Yee Sui-Kam was born in a small village in Toisan, China. She was the next youngest out of 4 brothers and 4 sisters. When she was seven years old, her mother passed away. Her father, Bing Chung Yee, owned a herb store in Guangzhou and he passed away as the result of the Communist confiscating the business and torturing him.
Soon after, she went to live with her eldest sister and her growing family, which eventually included six children – five girls, one boy, and their maid. Although she was technically their aunt, Sui-Kam instantly became a mother figure to the younger children, as well as a sister figure to the older children who were closer to her in age.
Because Sui-Kam’s sister’s family was considered to be landlords, the Communists punished the family by forcing the older children and adults to work in the rice fields. Food was also restricted and the family had to witness many terrible things. Despite these hard times, Sui-Kam and her nieces have only fond memories of their childhood because they grew up together in such a loving family. All of the children had fun going to school, playing together, and looking after one another. As a teenager, Sui-Kam grew into a beautiful young woman.
After paying the Communists a lot of money to buy their freedom, half of the family was allowed to move to Guangzhou. However, Sui-Kam and two of her younger nieces were left behind in the village. While still young herself, she took care of them with help from the older uncles and aunties. Eventually, they were permitted to leave the village and happily reunited with the rest of the family in a big apartment in Guangzhou. Time spent in Guangzhou was filled with some of the happiest memories for the family. One time, the girls spent days trying to figure out why it smelled so badly in their apartment. They finally discovered that a dead rat had been decomposing underneath their bed! Being the kind and selfless aunt that she was, Sui-Kam single-handedly cleaned up the dead rat and live worms for her nieces.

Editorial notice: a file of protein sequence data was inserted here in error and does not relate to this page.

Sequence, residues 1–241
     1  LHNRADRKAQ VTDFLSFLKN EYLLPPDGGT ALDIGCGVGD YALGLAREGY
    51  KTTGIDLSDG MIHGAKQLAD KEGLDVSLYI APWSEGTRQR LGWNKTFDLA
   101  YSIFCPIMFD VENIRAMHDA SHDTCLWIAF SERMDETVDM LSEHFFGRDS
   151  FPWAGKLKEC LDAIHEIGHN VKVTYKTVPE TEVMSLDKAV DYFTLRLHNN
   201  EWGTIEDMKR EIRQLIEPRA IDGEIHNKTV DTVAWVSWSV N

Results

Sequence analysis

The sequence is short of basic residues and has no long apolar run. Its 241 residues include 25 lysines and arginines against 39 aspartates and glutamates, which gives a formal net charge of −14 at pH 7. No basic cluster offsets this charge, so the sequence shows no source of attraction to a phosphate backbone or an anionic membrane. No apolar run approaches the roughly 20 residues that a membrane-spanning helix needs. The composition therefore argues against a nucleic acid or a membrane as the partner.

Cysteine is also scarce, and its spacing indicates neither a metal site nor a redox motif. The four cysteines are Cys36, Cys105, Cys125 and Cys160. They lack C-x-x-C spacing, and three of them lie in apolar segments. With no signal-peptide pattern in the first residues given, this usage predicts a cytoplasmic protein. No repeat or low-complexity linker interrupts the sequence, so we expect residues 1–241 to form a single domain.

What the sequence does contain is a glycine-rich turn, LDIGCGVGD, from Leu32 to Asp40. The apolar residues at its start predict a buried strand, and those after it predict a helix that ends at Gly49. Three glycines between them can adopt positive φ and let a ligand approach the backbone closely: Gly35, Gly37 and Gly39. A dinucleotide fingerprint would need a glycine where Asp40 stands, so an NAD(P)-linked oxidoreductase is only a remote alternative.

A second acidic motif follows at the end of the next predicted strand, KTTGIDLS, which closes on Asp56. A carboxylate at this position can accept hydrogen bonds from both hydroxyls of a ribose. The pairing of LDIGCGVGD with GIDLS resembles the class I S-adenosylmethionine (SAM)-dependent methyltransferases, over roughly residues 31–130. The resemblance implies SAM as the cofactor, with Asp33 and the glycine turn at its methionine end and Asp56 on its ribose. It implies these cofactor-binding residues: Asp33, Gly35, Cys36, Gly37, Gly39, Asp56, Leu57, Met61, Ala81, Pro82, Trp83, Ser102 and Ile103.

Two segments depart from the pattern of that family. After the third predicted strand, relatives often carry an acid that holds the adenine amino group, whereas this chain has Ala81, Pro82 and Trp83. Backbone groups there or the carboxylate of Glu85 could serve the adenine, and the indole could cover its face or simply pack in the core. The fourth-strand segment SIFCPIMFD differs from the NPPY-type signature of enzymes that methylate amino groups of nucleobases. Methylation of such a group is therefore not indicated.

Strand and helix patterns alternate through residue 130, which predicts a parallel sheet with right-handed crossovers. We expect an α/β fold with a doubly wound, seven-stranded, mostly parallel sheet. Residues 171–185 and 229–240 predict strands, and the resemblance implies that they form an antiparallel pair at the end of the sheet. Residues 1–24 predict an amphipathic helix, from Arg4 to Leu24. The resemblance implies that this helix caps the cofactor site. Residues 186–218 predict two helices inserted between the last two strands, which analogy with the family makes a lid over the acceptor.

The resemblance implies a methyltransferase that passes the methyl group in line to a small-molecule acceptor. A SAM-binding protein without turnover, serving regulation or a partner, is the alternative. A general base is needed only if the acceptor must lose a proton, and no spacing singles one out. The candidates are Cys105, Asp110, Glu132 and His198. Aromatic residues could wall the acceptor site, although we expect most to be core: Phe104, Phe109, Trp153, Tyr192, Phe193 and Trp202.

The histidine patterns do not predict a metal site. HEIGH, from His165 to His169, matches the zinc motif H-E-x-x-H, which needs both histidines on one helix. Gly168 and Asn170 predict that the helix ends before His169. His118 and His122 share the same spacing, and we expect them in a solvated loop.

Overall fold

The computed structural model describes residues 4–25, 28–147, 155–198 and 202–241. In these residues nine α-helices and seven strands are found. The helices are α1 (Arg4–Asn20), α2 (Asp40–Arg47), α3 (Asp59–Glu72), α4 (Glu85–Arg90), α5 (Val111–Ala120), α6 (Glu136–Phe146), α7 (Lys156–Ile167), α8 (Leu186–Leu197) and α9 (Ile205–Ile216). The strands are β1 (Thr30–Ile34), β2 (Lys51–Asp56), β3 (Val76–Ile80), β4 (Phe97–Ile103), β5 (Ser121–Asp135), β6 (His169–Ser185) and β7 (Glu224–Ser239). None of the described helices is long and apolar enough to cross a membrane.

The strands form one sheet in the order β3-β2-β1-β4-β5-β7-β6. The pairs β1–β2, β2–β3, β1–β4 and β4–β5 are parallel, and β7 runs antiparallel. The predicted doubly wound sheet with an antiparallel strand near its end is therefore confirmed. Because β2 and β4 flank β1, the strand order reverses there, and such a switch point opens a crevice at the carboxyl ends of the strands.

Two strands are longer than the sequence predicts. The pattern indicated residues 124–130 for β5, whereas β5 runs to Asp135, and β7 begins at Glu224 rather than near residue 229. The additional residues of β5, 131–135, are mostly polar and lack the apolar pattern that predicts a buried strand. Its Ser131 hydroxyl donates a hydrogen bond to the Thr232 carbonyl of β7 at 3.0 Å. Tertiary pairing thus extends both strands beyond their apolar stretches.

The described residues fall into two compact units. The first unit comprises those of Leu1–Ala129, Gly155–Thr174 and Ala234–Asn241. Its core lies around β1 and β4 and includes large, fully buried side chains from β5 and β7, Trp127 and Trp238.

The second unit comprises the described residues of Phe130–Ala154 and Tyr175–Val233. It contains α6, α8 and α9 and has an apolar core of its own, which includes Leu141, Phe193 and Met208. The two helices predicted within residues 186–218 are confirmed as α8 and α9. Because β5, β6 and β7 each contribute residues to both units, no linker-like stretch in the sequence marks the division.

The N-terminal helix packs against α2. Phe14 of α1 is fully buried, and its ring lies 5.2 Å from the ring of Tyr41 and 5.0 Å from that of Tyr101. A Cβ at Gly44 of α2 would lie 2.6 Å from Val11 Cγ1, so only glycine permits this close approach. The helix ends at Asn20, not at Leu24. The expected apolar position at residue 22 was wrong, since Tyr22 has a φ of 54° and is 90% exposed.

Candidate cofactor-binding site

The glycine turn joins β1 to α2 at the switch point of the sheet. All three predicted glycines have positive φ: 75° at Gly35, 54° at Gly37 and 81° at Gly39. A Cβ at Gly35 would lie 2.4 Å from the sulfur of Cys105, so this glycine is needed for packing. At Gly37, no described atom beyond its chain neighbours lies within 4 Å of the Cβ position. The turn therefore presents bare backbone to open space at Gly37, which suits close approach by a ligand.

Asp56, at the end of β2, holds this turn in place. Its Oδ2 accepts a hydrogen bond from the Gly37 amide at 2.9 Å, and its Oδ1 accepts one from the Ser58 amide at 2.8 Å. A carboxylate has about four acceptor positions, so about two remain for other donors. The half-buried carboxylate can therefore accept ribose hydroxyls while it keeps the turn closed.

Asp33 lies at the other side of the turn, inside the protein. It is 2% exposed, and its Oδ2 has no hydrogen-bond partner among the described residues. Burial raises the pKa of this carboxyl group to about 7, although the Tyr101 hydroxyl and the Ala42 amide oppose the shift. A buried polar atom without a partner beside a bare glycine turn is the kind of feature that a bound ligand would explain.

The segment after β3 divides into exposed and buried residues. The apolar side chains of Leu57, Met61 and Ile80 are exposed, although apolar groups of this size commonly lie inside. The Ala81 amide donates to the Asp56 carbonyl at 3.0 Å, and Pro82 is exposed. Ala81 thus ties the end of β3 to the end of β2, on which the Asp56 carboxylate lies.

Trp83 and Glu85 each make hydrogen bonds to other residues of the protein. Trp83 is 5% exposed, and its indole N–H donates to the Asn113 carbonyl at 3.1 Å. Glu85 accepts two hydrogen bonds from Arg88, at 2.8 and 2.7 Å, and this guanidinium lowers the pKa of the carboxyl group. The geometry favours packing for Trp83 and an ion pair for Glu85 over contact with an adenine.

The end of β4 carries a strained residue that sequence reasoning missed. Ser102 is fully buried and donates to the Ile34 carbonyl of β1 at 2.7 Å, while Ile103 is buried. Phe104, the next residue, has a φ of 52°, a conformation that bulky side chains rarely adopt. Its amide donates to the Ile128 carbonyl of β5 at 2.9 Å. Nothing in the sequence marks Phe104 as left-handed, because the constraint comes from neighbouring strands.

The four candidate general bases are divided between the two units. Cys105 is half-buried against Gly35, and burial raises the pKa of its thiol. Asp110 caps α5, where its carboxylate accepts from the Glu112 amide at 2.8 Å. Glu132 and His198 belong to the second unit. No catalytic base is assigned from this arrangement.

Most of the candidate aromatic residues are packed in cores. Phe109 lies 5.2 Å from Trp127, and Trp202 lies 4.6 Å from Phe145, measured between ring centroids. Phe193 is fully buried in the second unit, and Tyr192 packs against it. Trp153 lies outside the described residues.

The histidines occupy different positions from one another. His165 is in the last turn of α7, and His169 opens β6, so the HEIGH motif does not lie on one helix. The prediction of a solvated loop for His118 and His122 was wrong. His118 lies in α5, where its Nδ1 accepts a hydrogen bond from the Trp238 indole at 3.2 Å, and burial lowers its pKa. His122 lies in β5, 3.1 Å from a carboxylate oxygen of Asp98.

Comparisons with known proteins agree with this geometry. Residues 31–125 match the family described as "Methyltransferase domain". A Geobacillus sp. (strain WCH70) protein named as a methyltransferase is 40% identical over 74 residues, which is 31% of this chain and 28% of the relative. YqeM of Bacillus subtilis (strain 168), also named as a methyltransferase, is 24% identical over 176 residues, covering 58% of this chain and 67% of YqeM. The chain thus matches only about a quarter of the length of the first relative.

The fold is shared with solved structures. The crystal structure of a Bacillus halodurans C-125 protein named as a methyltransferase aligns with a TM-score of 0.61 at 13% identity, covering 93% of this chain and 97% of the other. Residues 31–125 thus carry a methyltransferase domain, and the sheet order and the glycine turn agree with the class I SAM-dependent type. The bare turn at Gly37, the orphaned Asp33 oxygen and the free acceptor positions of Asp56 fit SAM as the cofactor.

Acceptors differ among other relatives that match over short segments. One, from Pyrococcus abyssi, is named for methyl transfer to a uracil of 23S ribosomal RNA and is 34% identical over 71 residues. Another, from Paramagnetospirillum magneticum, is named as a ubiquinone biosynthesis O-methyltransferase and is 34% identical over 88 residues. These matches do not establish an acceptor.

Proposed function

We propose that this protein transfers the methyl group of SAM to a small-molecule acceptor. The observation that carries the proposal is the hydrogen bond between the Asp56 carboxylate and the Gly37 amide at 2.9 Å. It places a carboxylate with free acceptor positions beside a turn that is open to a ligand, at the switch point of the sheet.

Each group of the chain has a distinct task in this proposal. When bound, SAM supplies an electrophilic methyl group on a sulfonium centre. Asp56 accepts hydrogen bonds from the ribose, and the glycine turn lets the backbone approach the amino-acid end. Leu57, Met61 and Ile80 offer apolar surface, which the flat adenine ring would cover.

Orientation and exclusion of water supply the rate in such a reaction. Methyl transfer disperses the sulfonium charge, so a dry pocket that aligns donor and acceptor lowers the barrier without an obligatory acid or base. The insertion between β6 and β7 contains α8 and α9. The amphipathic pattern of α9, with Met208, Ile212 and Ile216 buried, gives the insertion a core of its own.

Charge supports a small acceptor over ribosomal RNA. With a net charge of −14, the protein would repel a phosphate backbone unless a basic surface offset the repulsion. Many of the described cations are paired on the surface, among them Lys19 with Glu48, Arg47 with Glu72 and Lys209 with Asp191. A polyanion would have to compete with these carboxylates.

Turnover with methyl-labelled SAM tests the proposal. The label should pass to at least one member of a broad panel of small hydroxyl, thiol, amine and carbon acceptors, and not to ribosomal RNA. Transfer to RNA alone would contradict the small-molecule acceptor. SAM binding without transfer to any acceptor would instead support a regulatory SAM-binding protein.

Eventually, the entire family moved to Hong Kong and escaped Communist rule. The family had to split up and make their way to Hong Kong a few family members at a time, and once again, Sui-Kam was one of the last to leave Guangzhou. However, once in Hong Kong, life was filled with much adventure and excitement for Sui-Kam and the two older nieces. As young women, they enjoyed the freedom of this big city and had so much fun attending school, going to the movies, taking sewing classes, and going on camping trips with their friends.
Sui-Kam’s sister’s husband was eventually able to secure VISAs for his wife and children to immigrate to America. Unfortunately, Sui-Kam did not have the proper documentation which meant she was unable to join the family this time around. It was a heartbreaking moment for both Sui-Kam and her nieces. Her nieces did not want to be separated from their beloved aunt and sister they had grown up with their entire lives. Because they did not want to abandon Sui-Kam alone in Hong Kong, the relatives found her a suitable husband to marry. While the rest of the family moved to the United States, Sui-Kam moved to Honduras to embark on a new journey of her own. For many years, she worked hard in the mom-and-pop grocery store that she and her husband owned and raised two wonderful and loving sons, Gene and Victor. While she was geographically far apart from her nieces, Sui-Kam remained close with the family and would visit them often in California with her boys. Her sons were also educated and went to college in the US and were very close to the family. After Sui-Kam and her husband retired from the family business in Honduras, they moved to Sacramento in 1985 to live with their sons. Sui-Kam helped raise two lovely grandchildren, Gabriela and Lauren; who were her pride and joy.
In Lieu of Flowers Please Consider Donating to
The Chinese United Methodist Church Located at 2470 28th Ave Sacramento, CA 95822